By Avisha Chaudhry
In the world of economics, where efficiency, thrift, and practicality often reign supreme, the concept of luxury stands as a captivating enigma. It defies conventional economic norms, thriving even when economic indicators suggest it should wither away. This article embarks on a journey to unravel the timeless allure of luxury, exploring the various facets that make it a force to be reckoned with in a world driven relentlessly by numbers and efficiency.
"Quality is remembered long after the price is forgotten." by Aldo Gucci
If it's exclusive, then it's definitely luxury. These meticulously crafted products aren’t just scarce for the lack of sale but for the rarity that ignites desire, which increases their sales. They’re limited to be sold to limited people and the club for being in that segment elevates the sense of self-worth beyond any price tag. Hermès Birkin bag painstakingly handcrafted in limited numbers not only increases its waiting list for years but captivates in the thrill of owning a Birkin bag to inflate the entry fee and be part of an exclusive club, where luxury is a rare and highly coveted treasure.
“Make me a fragrance that smells like love,” Christian Dior’s Luxuries of Love stories in a bottle, ‘J'adore' and 'Miss Dior’ aren’t just scents; they're emotions and aspirations captured. The psychological spell of luxury exudes opulence, femininity, and unwavering self-confidence.
When you wear a Dior fragrance, it's like adorning yourself with love, instantly uplifting your spirits and celebrating beauty. You become a beacon of elegance and allure, leaving an irresistible impression that lingers in the air and on your skin. It isn't just a possession; it's a symbol of prestige and personal achievement. Beyond the physical, it bestows emotional benefits that draw us in. In a world that values status, luxury becomes hard to resist.
The timeless style of luxury’s allure forgoes its prices because “Fashion changes, but style endures," and Coco Chanel's expression is exemplified by Chanel Little Black Dress (LBD) curated in 1926 which is classic, simple, yet elegant, all at once. “One is never over-dressed or under-dressed with a Little Black Dress,” Karl Lagerfeld’s design remains in Vogue even today, epitomising that true luxury transcends fleeting trends. Whether handcrafted leather bags or Swiss-made watches, the luxury items are built to withstand time. They are highly appreciated, becoming cherished classics passed down through generations, surpassing the standard economic norms.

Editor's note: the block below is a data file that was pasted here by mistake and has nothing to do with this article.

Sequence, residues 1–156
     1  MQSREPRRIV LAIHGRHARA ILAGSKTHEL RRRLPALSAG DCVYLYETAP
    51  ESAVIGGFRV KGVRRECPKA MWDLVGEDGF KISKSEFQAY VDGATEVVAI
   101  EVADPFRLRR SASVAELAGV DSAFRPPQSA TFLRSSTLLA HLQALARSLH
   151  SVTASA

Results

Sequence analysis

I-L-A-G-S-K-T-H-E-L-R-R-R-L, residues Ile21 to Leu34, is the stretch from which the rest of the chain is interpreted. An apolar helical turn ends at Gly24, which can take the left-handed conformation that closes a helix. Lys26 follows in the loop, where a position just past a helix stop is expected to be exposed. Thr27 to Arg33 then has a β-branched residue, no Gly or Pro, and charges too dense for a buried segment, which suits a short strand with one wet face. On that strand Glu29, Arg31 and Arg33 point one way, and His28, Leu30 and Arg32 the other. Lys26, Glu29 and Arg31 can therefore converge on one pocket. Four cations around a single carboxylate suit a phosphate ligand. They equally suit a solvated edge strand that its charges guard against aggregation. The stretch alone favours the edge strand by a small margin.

Autumn-Winter 1966 collection, Yves Saint Laurent's iconic piece: ‘YSL Le Smoking’ revolutionised the industry, explaining its enduring brand legacy power in his philosophy of “Fashions fade, style is eternal.” The tuxedo suit was a daring departure from traditions, empowering women with its menswear-inspired tailoring, pushing boundaries and etching its mark in fashion history. Its elegance and cultural resonance have made it eternal, and a heritage of excellence which cultivates trust, allowing it to effortlessly command premium prices to preserve its charm.
The "Marmont" bag maintained its popularity and resilience in times of adversity such as the pandemic, for its timeless design, iconic double-G hardware, and quilted leather. The Gucci bag remained sought after due to its online presence, celebrity endorsements, its adaptability contributing to its fame. “The great affair is to move,” Gucci smoothly sailed luxury while the humble with humble prices drowned, because inflated prices of luxury’s attempt to appeal, adapted to changing consumer needs via virtual experiences, demonstrating loyalty, offering comfort and stability.
Splendours of luxury continue to transcend all boundaries of economic theories because of their inflated prices which inflates their consumers. “The best things in life are free. The second best are very expensive.” Coco Chanel. The game luxury plays with the consumer is creating its desire and value in their eyes, through the psychology of economics. By decreasing the supply of its products whose demand is increasing, it opposes the economic laws of demand and supply and falls under the articles of snob appeal to tempt consumers and make them yearn to have the product due to its scarce nature. The desire for the product increases but the supply doesn’t, why? It’s a business of reputation, and luxury makes the consumer want to pay the price it commands making it a price maker. This intangible force paradoxically increases the worth of the product and these existing consumers contented with the benefits of having an ‘exclusive club’ membership also have the privilege to sell their luxurious products at an appreciated price because of the lack of supply. Luxury emerges victorious over all norms, crises and changes, in a world where economic principles often dictate choices. It stands high as a reminder that opulence is powerful and extraordinarily defies rationality, continuing to lure all and offering membership into a world where the pursuit of richness knows no bounds.
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